Construction of the Thames Tideway Tunnel has reached a major milestone following the excavation of a 60m deep shaft at the King Edward Memorial Park site in Wapping.
The shaft is the deepest and the last of 21 shafts to be excavated for the “super sewer” project which involves constructing a 25km tunnel under the River Thames. The shaft’s concrete base slab will be poured within the next month.
Tideway’s work at the King Edward Memorial Park site will divert sewage into the new sewer as it passes below.
As well as building the shaft, Tideway is extending the Tower Hamlets park with new land for terraces and seating. To mark the progress, Tideway has released aerial images showing the scale of the work on site.
Tideway construction engineer Harriet Cheaney said: “These helicopter images not only give us amazing views of our beautiful city, but showcase the scale of the work Tideway is doing to clean up the River Thames.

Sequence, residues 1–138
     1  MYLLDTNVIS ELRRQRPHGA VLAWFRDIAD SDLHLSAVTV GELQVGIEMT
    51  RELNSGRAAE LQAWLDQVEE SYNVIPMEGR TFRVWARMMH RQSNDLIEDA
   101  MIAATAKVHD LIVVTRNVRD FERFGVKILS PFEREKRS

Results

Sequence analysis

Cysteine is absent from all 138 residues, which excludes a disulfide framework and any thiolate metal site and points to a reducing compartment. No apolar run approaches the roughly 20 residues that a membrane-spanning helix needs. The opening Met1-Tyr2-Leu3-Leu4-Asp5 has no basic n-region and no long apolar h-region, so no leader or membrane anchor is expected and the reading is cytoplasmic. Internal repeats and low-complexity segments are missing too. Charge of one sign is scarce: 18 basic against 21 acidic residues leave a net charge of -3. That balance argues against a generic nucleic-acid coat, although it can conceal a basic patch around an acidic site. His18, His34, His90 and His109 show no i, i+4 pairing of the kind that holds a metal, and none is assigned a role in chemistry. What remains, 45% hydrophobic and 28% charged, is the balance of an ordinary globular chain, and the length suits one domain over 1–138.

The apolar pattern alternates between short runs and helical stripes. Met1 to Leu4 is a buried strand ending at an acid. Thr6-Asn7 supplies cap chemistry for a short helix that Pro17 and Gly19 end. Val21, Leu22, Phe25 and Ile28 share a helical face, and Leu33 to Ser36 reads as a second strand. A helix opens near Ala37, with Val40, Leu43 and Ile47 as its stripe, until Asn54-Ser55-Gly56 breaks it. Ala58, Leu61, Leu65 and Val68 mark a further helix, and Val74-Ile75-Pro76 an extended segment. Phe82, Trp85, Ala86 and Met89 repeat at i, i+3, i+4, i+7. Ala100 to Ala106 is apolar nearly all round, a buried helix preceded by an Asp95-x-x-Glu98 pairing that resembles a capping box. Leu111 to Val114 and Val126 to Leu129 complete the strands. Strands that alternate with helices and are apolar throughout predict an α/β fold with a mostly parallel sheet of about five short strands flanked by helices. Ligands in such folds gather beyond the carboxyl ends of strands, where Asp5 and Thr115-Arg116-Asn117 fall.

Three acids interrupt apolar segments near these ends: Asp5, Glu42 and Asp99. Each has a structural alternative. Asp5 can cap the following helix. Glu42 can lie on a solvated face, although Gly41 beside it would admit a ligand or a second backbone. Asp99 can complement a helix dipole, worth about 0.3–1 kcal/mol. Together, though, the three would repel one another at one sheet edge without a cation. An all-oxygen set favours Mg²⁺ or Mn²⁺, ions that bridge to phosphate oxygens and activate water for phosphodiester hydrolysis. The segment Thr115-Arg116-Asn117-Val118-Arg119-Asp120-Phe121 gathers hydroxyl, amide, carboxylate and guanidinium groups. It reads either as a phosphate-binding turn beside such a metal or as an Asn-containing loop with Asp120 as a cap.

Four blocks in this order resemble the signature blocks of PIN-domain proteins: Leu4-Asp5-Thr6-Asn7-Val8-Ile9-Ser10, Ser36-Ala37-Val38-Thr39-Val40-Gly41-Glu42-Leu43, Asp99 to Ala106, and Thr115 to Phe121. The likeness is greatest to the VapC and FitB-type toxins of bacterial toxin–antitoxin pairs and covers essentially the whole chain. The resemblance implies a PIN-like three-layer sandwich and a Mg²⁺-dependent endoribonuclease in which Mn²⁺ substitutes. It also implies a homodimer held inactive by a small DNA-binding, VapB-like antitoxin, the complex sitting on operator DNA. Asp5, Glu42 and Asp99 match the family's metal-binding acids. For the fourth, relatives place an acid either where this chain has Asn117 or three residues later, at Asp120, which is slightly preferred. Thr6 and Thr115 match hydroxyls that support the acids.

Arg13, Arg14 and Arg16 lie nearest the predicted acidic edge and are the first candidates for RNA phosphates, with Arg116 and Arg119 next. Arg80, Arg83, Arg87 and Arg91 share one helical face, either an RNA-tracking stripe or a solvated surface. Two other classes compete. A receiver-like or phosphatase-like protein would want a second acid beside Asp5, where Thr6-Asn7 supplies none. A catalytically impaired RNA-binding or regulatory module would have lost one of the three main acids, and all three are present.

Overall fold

“We’ve now built around 20km of the 25km super sewer and are around 65% complete – but these amazing photos really bring the scale of our task to life.
“With this final shaft now complete, teams across Tideway have an eye on the finish line and are working around the clock to complete this job and clean up the River Thames.”
The expansion of London’s sewer network is happening across 24 construction sites in the capital. As well as the King Edward Memorial Park site, the new images show progress at Chambers Wharf, Chelsea Embankment Foreshore, Blackfriars Bridge Foreshore, Deptford Church Street and Victoria Embankment.
When complete in 2025, the project will prevent tens of millions of tonnes of sewage from polluting the river every year. In addition, the new land reclaimed from the river will be landscaped and available as completely new public space.
Department of Civil Engineering:https://www.ibu.edu.ba/department-of-civil-engineering/